The looms aren't the problem and the new technology is not the problem.
The real problem is how that technology is inflicted upon the working class.
The working class are the ones that prop up the rich.
NARRATOR: The rioters wreck all of the mill's 170 looms.
Machine-breaking is a hanging offence, and so is arson.
LUDDITE MAN: A friend came up to me and said, ''The egg is broken, let us burn the shell.
'' (SCREAMS) NARRATOR: The Luddite call to arms is spreading.
Violent riots erupt in a dozen towns and cities.
A secret committee report to the government.
MALE COMMITTEE MEMBER: ''They number up to 500,000 people ''and are meditating not only the destruction of machinery, ''but a general revolution.
'' NARRATOR: The government sends a small army, 1 2,000 troops, to crush the uprising.
(PEOPLE SHOUTING) In Chowbent, Lydia, Mary and Abraham are all arrested.
God save me! They face the death penalty.
The girls are released, due, it was said, to their tender sex.
But 13-year-old Abraham, who had fetched straw to help burn down the mill, is sentenced to hang, along with three others.
One defendant wrote, ''I shall never forget the look of horror on their faces ''as they received their sentences.
-''Some threw themselves on the floor '' -ABRAHAM: No! ''one tore the hair from his head, lamenting ''that he must never more see his family.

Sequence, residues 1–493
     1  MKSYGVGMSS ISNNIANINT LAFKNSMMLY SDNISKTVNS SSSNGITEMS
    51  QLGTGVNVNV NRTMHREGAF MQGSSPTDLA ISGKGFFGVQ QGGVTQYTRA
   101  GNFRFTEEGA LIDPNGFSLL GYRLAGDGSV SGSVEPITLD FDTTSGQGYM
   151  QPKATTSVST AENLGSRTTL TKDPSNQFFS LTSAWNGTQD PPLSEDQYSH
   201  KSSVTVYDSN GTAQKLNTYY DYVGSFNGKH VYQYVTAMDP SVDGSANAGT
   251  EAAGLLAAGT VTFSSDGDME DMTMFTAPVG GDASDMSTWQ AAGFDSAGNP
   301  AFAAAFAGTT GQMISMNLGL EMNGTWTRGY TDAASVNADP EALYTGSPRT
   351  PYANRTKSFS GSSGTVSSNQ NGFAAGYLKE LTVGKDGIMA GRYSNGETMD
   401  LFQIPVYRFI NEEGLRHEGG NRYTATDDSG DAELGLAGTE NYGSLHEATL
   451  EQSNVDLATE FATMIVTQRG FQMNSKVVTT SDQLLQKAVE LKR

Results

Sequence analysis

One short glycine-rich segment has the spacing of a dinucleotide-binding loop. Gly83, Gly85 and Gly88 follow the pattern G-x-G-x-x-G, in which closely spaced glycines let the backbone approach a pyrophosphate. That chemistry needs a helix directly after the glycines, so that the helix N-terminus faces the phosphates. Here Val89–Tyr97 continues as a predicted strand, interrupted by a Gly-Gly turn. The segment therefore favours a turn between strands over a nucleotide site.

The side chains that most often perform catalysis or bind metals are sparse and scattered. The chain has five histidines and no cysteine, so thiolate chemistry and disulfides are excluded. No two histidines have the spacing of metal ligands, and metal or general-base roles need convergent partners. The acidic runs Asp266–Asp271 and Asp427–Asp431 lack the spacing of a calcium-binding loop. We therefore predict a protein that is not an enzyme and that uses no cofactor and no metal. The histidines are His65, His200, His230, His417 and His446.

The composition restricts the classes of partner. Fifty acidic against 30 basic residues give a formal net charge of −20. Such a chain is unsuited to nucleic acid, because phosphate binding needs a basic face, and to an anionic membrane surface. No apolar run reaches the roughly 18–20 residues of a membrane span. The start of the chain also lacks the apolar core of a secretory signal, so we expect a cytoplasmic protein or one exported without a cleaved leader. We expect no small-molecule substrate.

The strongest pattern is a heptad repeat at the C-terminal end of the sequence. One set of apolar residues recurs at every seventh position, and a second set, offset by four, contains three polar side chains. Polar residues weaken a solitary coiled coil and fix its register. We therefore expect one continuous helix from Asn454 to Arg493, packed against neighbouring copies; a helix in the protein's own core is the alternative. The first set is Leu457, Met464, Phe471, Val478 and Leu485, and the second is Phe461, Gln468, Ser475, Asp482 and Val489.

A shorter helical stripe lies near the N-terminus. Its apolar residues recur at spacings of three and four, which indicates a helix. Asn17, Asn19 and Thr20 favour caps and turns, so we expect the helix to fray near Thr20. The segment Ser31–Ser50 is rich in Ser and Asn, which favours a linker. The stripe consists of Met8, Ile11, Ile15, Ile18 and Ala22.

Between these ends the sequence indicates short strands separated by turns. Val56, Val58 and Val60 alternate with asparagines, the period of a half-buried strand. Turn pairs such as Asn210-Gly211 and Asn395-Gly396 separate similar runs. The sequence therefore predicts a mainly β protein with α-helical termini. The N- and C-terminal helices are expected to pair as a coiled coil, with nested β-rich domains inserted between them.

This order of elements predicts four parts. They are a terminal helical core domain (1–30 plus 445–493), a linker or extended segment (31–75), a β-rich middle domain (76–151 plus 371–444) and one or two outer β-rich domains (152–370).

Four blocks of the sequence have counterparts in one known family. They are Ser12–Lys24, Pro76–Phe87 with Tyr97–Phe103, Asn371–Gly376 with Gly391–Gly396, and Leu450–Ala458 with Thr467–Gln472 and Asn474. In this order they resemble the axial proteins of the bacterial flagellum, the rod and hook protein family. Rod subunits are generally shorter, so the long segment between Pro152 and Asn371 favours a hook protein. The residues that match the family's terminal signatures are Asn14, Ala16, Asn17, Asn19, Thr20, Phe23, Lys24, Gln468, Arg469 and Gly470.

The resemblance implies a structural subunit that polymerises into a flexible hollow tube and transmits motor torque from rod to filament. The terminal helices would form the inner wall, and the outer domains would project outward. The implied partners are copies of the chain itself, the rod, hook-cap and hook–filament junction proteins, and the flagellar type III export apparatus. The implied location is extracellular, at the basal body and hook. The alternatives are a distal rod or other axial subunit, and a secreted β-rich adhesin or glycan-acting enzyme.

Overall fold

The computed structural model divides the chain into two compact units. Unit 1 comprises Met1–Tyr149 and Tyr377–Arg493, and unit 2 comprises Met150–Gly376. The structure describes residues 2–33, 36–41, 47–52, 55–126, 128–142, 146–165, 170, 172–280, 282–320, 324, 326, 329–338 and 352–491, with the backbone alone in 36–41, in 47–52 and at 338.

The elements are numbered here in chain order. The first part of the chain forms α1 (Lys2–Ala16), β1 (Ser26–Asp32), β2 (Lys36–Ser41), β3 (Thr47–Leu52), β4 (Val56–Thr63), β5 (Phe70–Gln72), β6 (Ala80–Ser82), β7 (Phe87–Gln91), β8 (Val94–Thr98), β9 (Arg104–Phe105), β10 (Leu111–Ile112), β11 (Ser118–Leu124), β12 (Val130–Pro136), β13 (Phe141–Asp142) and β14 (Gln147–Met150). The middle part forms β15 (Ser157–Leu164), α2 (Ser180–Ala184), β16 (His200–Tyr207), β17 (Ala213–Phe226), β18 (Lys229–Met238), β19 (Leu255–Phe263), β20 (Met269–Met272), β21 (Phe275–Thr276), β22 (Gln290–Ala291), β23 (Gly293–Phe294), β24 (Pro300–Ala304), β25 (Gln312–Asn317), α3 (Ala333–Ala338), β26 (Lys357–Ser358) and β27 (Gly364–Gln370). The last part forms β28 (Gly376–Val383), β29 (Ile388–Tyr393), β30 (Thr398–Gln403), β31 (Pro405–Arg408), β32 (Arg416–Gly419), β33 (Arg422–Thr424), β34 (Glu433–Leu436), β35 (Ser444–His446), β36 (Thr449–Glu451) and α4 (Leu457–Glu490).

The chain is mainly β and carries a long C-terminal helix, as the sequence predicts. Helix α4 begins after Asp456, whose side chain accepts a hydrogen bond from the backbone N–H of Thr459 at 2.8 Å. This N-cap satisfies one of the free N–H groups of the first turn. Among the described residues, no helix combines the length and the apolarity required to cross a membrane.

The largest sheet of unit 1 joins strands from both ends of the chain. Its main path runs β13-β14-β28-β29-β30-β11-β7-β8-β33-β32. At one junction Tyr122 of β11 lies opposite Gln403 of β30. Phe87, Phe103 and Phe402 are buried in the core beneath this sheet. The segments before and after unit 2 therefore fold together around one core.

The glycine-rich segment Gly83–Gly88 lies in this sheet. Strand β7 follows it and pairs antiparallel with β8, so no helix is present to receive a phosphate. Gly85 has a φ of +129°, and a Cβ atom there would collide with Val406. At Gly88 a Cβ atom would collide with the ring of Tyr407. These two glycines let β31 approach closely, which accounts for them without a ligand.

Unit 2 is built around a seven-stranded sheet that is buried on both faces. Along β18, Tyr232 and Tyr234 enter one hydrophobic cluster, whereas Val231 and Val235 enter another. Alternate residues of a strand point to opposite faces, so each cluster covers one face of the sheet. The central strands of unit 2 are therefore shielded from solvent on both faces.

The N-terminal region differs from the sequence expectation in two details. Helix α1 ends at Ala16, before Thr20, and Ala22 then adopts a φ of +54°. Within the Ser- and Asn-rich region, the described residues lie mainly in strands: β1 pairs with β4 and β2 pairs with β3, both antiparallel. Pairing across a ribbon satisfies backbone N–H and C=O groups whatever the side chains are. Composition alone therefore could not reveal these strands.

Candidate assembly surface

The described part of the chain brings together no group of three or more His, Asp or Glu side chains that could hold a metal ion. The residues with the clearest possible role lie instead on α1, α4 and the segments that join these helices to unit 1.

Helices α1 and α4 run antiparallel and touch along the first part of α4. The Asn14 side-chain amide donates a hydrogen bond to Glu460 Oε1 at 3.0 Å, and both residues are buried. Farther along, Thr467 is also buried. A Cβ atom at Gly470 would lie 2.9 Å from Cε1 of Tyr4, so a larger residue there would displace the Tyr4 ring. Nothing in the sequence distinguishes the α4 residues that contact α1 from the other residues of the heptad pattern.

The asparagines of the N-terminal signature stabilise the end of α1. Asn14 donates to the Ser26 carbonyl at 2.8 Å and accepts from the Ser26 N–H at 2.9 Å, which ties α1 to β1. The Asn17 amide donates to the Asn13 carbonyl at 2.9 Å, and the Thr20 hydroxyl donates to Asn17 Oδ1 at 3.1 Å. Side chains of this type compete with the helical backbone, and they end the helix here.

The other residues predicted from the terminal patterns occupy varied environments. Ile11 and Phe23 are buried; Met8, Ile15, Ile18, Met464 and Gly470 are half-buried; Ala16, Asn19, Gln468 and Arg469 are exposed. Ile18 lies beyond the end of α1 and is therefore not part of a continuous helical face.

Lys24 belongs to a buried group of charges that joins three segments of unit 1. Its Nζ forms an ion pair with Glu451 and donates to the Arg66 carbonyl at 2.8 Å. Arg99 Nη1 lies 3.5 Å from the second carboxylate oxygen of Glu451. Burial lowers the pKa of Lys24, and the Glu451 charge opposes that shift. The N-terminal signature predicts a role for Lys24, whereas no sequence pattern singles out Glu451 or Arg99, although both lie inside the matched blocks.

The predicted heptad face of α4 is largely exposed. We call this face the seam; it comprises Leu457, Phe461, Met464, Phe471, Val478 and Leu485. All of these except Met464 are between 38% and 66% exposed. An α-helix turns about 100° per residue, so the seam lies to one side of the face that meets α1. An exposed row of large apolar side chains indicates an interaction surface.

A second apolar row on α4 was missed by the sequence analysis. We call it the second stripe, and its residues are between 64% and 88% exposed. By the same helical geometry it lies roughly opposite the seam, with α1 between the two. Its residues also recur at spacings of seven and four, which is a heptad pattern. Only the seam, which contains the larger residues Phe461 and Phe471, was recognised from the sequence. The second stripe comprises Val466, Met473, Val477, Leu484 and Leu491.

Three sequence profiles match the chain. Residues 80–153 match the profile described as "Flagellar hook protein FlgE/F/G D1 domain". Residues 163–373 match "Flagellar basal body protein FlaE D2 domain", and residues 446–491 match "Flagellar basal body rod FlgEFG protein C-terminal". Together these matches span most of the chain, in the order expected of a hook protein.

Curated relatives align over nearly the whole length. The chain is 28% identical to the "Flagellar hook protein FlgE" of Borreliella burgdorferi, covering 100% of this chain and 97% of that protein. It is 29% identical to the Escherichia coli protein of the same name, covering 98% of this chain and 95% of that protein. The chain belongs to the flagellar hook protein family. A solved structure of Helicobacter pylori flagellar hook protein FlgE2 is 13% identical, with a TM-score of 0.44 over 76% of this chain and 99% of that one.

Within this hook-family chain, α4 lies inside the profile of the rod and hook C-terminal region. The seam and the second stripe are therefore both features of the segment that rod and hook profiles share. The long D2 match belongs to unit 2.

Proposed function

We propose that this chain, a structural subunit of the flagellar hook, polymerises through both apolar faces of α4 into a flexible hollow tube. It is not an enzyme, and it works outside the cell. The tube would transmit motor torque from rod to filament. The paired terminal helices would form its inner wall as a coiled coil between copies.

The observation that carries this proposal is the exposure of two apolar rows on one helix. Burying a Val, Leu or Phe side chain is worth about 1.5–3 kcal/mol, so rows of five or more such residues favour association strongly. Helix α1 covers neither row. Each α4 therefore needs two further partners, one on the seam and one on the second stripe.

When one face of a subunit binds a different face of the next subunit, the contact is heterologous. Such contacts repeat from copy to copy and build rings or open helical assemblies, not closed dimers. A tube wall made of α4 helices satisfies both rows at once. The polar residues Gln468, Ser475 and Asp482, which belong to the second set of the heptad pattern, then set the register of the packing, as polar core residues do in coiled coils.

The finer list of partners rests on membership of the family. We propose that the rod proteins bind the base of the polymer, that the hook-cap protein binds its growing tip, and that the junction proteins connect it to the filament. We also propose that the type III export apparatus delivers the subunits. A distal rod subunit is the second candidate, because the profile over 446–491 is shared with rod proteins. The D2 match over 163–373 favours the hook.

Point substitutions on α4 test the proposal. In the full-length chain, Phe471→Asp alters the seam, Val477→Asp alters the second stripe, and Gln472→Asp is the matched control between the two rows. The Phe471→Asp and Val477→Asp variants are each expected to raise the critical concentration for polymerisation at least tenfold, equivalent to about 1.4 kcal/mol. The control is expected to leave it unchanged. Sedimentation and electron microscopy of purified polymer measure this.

'' ABRAHAM: No! No! (CELL DOOR OPENING) (CREAKING) LILY COLE: If you take a stand, it requires bravery.
I honour anybody who stands in the face of, kind of, fear and shows real bravery to stand up for what they believe in.
So, um, from that perspective, it's a very, kind of, compelling story.
And also quite sad.
We hung somebody who was 13-years-old.
NARRATOR: The Luddites are now doomed.
They cannot resist the power of the state or the advance of the machine.
That would probably be something that would be very sad for me to lose, if I was someone that spent hours and hours and hours and hours doing something, and then someone said, ''Oh, I've got a machine that can do that ''in a quarter of the time that you do it.
'' And then, at the same time, it was about business, so I think it's a matter of biting your tongue and having to realise that the world moves forward.
PORTILLO: The Industrial Revolution puts Britain on top of the world.
We can take raw cotton from India, we can make it into manufactured product in Manchester, send it back to India and still undercut the local competition.
But at the same time, Britain's rural idyll has been replaced by the dark satanic mills.